Consider the case of Western Europe during the period 1450 – 1800. During this period, women across the world faced many restrictions and were treated differently than other sections of the society. In Great Britain, women below the age of 50 were not allowed to own any property and had to relinquish their position as head of the family if the son completed his professional education (Hecker, 97). Having control over women in the household was a matter of social pride for the male members. In contrast, women in many parts of Western Europe were far better placed by any standards. Women had the liberty to operate a business of their choice and could choose a husband. Moreover, a widow had the freedom to marry a man of her choice. While they never faced any segregation, women were nevertheless unable to practice professions including medicine and law (Charrad, 178).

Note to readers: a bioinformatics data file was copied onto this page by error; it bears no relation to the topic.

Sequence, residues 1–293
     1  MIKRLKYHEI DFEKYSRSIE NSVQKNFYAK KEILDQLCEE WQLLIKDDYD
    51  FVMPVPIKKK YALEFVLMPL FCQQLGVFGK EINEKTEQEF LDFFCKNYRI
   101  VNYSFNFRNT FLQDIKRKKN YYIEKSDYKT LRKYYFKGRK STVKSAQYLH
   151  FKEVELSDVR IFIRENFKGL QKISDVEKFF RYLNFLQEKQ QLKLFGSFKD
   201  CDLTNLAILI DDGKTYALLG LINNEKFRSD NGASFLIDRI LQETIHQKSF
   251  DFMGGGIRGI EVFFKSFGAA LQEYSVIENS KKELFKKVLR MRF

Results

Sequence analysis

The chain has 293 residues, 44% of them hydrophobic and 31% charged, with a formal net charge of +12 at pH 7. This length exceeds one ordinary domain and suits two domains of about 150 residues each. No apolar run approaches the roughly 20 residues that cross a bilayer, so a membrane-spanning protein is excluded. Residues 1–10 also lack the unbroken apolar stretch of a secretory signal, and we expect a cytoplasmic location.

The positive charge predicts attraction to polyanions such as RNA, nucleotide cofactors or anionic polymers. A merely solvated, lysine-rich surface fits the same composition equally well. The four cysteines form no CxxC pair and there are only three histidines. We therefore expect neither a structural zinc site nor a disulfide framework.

Women began to campaign for equality and basic human rights since the early nineteenth century. They called for being given the right to education, vote, and law-making. Their gradual struggle over a period of 150 years has led to a significant change across many nations. Today, women’s suffrage is regarded as a basic human right by many countries. Perhaps the most important trend during this period is the emergence of Islamic feminism in the Arab and Muslim worlds at the same period. Feminist intellectuals like Tahrih and Qasim Amin denounced some of the widespread practices in Islamic society such as the ‘hijab’ (veil), polygamy and the ‘purdah’ system (segregation of men and women).